“Can we be friends across these ‘racial’ boundaries?” Msimang asked. “Yes we can. And no we cannot. It’s that simple and that complex.’

* * * * *

Download links (scroll down to view the lectures):

* * * * *

Watch a video of Chigumadzi discussing the Ruth First Fellowship and her research:

YouTube Preview Image
* * * * *

Watch a video of Msimang and Mashile performing some of Msimang’s research:

Sisonke Msimang and Lebo Mashile perform some of Msimang's research for the 2015 #RuthFirst fellowship.

Posted by Journalism South Africa on Monday, 17 August 2015

* * * * *

See tweets from the event:

2015 Ruth First lecture: Panashe Chigumadzi by Books LIVE

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2015 Ruth First lecture: Sisonke Msimang by Books LIVE

Book details

 

Image courtesy of Wits Vuvuzela


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Don’t Miss the Midlands Literary Festival 2015 at Ike’s Books in Durban and Yellowwood in Howick

Perfect Parties Indian DelightsIn Search of the African LionThe Search for the Rarest Bird in the World
What About MeeraMemory Against Forgetting’n Huis vir EsterEsther's HouseChatsworthThe Black Sash: Women for Justice and Peace

 
The sixth annual Midlands Literary Festival is taking place next weekend.

There will be an opening event at Ike’s Books in Durban on Friday, 21 August, and the rest of the festival is at Yellowwood in Howick on Saturday, 22, and Sunday, 23 August.

Highlights include talks by Ranjith Kally, ZP Dala and Ashwin Desai.

The complete programme is available on LitNet:

Event Details

  • Date: Friday, 21 August, to Sunday, 23 August 2015
  • Venues: Ikes Bookshop
    Florida Road
    Durban | Map
     
    Yellowwood
    1 Shafton Road
    Howick | Map

 
Darryl David, organiser, posted this note on the festival’s Facebook page:

A NOTE FROM DARRYL DAVID, AND THE FULL PROGRAMMEDarryl writes:The sixth chapter of the annual Midlands Literary…

Posted by Midlands Literary Festival 2015, Yellowwood, Howick, 21 to 23 August on Tuesday, 11 August 2015

 

 

Book Details


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2015 Open Book Festival Programme (9 – 13 September)

Confirmed authors for the 2015 Open Book Festival

 
Alert! The programme for this year’s Open Book Festival has been revealed and we couldn’t be more excited!

Activities start on Wednesday, 9 September, and will run until Sunday, 13 September. Venues include The Fugard Theatre (festival hub), the Homecoming centre, The Book Lounge, the Central Library and the President Hotel in Bantry Bay. Poetica and Comics Fest will once again form part of the programme, as well as the youth fest aimed at younger readers.

A wide range of topics will be covered over the span of the festival, from everyday tragedy, poetry, food and fiction to what it means to be a South African abroad, comedy in writing and power relations in general. To single out names on the extensive list of local and international authors would be a crime. Cape Town, you are in for a treat!

View the programme:

2015 Open Book Festival Programme (9 – 13 September) by Books LIVE

* * * * *

Have a look at the jam-packed programme (and find links to the booking site):

See also:

These are but some of the books you will be able to find during the 2015 Open Book Festival:

Home RemediesBroken MonstersShouting in the DarkKopskootDevil's HarvestLion HeartPapwaNaweekThe Last Road TripWhat About MeeraBest White and Other Anxious DelusionsThe Chameleon HouseTo Quote MyselfThe FetchShades of DarknessThe Impossible FiveThe Ghost-Eater and Other StoriesDance with SuitcaseLost and Found in JohannesburgA Renegade called SimphiweThe Search for the Rarest Bird in the WorldBeastkeeperThe Dream HouseJoziTakelwerkThe Space Between the Space BetweenAlphabet of DemocracySynapseGood Morning, Mr MandelaThe Texture of ShadowsDub StepsBlood tiesRusty BellThe Violent Gestures of LifeThe Alphabet of BirdsOne Hand Washes the Other Power PlaySharp EdgesChants of FreedomHere I AmThe Spiral House Green LionWhat Will People SayWhat Hidden LiesA Slim, Green SilenceTokoloshe SongBanquet at BrabazanIn die blou kampA Man of Good HopeSkuldigThe RaftChokers en survivorsThe Swan WhispererJudaskusThis One TimeThings I Thought I KnewWastedIt Might Get LoudNever Tickle a TigerSex and the CitadelWe Are All Completely Beside OurselvesA Place Called WinterThe Book of MemoryWords Will Break CementThe Hormone FactoryUkraine DiariesThe Lights of Pointe-NoireH is for HawkThe House That Jack BuiltLives of OthersForeign Gods, Inc.Into a Raging BlazeDustThe Sleeper and the SpindleOne of UsFind MeReliquariaInvisible OthersIcarusDriftwordPruimtwak en skaduboksersThe Paper HouseThe Seed ThiefParadiseSeven Modes of UncertaintyPens Behaving BadlyBuys – ’n GrensromanThe Arrogance of Power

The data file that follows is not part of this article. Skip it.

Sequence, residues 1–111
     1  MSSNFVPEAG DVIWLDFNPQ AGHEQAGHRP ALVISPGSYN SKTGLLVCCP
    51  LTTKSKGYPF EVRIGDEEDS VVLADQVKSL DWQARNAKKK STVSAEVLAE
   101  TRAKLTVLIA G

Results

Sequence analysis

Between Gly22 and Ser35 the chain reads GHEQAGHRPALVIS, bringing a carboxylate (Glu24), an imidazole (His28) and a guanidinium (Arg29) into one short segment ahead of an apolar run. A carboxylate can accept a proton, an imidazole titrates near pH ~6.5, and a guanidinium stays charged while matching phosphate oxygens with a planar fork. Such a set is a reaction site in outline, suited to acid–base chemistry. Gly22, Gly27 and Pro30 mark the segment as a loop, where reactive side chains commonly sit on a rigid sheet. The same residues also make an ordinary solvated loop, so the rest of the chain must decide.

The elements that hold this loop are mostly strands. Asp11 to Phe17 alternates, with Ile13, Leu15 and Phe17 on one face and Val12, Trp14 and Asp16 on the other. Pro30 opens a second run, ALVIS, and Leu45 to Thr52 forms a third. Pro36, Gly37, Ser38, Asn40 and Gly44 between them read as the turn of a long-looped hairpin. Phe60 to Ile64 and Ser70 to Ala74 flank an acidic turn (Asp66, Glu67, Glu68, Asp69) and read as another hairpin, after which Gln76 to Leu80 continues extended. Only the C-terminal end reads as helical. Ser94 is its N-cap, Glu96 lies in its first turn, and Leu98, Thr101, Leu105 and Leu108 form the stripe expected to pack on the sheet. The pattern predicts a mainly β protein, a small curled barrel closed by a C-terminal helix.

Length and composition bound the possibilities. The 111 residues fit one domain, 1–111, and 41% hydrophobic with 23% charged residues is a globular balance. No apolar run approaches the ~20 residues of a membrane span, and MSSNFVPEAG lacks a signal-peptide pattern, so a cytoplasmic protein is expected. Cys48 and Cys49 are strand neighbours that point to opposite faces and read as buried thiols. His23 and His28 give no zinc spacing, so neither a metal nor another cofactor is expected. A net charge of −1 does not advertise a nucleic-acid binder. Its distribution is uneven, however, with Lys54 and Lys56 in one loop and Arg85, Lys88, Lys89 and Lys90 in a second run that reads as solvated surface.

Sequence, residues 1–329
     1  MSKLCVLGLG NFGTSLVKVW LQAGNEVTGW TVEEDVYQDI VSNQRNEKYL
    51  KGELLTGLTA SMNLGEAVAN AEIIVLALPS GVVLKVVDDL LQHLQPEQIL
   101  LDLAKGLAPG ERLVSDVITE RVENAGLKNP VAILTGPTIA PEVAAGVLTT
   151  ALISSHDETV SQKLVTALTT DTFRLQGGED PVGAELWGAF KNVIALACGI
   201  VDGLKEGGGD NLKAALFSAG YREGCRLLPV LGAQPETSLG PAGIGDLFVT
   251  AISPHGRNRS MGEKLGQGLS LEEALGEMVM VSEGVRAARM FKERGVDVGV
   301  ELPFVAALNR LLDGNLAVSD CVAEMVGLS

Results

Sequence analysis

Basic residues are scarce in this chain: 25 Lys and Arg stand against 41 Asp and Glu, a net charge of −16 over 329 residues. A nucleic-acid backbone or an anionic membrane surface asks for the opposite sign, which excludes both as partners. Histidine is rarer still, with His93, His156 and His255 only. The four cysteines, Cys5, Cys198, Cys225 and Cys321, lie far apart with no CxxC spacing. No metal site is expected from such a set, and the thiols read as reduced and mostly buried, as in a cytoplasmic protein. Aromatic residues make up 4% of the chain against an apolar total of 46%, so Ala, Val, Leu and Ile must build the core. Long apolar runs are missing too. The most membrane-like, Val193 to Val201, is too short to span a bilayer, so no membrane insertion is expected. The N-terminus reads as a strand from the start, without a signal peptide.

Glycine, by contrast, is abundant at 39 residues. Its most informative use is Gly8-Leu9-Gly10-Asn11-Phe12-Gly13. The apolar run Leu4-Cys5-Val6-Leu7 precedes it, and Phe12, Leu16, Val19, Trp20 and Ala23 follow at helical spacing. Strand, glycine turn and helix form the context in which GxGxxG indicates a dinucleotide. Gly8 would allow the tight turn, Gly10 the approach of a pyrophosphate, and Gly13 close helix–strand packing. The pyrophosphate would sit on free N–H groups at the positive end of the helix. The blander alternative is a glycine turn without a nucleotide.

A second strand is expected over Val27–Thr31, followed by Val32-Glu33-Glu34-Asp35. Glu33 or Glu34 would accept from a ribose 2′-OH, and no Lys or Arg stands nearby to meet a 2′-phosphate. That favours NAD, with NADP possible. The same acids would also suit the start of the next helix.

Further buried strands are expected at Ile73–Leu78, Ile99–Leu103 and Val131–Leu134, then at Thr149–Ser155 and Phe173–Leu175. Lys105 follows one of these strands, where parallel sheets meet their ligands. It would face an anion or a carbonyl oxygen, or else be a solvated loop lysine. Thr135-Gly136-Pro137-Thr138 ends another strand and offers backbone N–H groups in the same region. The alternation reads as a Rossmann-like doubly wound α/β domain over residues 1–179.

Book details


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The Sunday Times Bestseller List for July 2015

 
The Sunday Times has once again released their monthly bestseller list, revealing the top five fiction and top five non-fiction books in the country. The information is gleaned from SAPnet/Nielsen bookseller data and publisher data.

The fiction list looks grim from a local point of view. All five books are international titles, including the controversial Grey: Fifty Shades of Grey as Told by Christian Grey by EL James in the first spot and Go Set a Watchman, the much-anticipated and hotly-debated “new” book by Harper Lee.

The non-fiction list looks better from a South African perspective, featuring two local titles – Eugene de Kock: Assassin for the State by Anemari Jansen in fifth place and How Long Will South Africa Survive by RW Johnson in first place – and the biography of one of the country’s greatest international success stories, Elon Musk.